The general Vincentian framework is sustained by a type of binding thread that gives unity and coherence to the Vincentian mission. We face the constant danger that our Vincentian spirituality could become watered down and lose its strength and attractiveness to other ecclesial groups and spiritualities.
This binding thread is the structure of diakonia which is proper to the Vincentian charism. Here I am referring to charity, to the service of charity, to the mission of charity, to diakonia in its etymological sense of loving service. In diakonia we find the perfect union of charity, communion, service, mission and total self-giving. All the actions, thoughts and institutions of Vincent de Paul and Louise de Marillac were motivated by and focused on charity as mission and mission as charity.
Vincent de Paul united affective and effective love as two realities that become one. They should be seen in the same light as the union between charity and mission (CCD:IX:466, 467-468, 470-471). Vincent warned his followers that affective love without a commitment to the process of evangelization, that is, charity without mission, would, at the very least, be suspicious: Let us love God, brothers, let us love God, but let it be with the strength of our arms and the sweat of our brows; for very often many acts of love o f God, of devotion, and of other similar affections and interior practices of a tender heart, although very good and desirable, are, nevertheless, very suspect if they don’t translate into the practice of effective love. “By this,” says Our Lord, “is my Father glorified, that you may bear much fruit.” We have to be very careful about that; for there are many who, recollected exteriorly, and filled with lofty sentiments of God interiorly, stop at that, and when it comes to the point of doing something, and they have the opportunity to act, they come up short (CCD:XI:32-33)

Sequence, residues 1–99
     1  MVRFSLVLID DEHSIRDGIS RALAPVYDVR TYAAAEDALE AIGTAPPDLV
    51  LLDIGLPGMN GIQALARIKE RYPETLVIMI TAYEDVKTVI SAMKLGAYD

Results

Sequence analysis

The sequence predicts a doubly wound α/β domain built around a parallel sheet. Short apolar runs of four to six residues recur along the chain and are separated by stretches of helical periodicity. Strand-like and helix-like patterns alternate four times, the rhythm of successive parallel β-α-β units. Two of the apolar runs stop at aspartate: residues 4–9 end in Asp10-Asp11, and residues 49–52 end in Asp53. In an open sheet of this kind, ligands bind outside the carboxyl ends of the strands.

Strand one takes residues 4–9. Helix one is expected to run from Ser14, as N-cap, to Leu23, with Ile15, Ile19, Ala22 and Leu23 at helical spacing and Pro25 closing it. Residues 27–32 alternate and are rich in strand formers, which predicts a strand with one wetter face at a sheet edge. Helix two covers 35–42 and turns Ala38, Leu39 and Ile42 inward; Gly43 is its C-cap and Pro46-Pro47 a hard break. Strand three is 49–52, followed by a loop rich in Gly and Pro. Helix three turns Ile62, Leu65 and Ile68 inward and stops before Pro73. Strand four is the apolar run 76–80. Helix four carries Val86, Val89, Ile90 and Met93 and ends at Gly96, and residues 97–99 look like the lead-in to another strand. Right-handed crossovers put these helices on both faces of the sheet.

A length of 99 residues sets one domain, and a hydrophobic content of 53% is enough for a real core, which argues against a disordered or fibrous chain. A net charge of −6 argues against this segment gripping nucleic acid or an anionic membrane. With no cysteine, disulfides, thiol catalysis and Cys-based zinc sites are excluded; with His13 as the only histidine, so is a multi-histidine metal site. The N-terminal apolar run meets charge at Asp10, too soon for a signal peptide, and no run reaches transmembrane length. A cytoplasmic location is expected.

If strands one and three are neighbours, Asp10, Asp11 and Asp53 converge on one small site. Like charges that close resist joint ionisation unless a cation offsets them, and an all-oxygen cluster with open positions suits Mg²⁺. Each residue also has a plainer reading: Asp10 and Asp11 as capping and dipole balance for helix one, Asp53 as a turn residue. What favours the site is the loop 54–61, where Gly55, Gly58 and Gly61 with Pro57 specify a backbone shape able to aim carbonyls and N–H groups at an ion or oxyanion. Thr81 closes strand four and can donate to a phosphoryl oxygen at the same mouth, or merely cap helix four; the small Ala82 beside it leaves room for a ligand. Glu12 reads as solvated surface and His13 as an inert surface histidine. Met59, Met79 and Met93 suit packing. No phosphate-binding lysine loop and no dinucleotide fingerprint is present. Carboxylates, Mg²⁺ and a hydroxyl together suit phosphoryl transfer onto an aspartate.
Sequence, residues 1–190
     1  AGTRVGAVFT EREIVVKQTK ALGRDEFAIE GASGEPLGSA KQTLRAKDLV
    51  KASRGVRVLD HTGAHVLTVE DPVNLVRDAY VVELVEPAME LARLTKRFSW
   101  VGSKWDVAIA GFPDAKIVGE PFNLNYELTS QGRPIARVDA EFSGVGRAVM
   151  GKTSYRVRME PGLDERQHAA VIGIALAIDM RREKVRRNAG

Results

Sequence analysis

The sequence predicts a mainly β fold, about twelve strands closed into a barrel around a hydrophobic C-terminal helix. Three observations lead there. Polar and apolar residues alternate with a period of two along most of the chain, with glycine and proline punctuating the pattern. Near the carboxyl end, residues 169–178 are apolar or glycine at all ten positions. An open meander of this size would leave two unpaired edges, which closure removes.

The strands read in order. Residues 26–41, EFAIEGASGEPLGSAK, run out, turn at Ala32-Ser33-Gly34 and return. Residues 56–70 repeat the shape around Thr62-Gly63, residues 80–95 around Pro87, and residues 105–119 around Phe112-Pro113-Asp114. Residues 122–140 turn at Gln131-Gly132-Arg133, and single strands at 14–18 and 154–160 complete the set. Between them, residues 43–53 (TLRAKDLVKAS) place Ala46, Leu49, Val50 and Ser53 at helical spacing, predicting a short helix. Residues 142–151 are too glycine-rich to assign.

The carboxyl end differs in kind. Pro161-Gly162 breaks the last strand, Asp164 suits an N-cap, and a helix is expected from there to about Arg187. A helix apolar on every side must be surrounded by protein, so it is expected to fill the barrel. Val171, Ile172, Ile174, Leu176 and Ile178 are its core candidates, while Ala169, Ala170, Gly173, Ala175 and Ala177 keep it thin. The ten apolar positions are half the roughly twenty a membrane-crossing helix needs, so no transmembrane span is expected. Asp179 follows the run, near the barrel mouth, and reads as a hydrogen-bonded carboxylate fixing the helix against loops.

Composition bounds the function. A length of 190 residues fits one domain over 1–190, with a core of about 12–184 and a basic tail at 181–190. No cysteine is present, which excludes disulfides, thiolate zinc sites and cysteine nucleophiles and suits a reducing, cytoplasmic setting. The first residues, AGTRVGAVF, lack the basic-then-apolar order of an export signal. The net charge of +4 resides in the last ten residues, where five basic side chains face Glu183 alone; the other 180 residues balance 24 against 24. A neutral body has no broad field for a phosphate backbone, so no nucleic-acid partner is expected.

The agent of the Vincentian mission
In order for there to be a Vincentian contribution to the new evangelization there has to be Vincentian evangelizers, agents of the mission who are motivated by the Vincentian charism and by Vincentian spirituality. Therefore, it is good to outline the image of a Vincentian evangelizer and highlight the more important and fundamental aspects of this image.
a] They are persons who have a profound experience of God and this means much more than being pious.
b] They are persons who identify themselves with Christ, the evangelizer of the poor … they identify themselves in a manner similar to that which Vincent spoke about in his conference to the Missionaries: The Son of God came to evangelize the poor. And are not we, Messieurs, sent for the same purpose? (CCD:XI:283-284).
c] They are persons who are firmly convinced of sharing in the Vincentian vocation. They are nourished by Vincentian spirituality and give witness to this reality in their life.
d] They are persons who make every effort to discern the will of God in the signs of the time and they read these signs of the time from the perspective of the needs and the situation of the poor, the marginalized, the helpless, the excluded …
e] They are persons filled with zeal (a characteristic Vincentian virtue) and with everything that is implied in the process of evangelization, that is, they are bold and creative in order to open new paths for evangelization.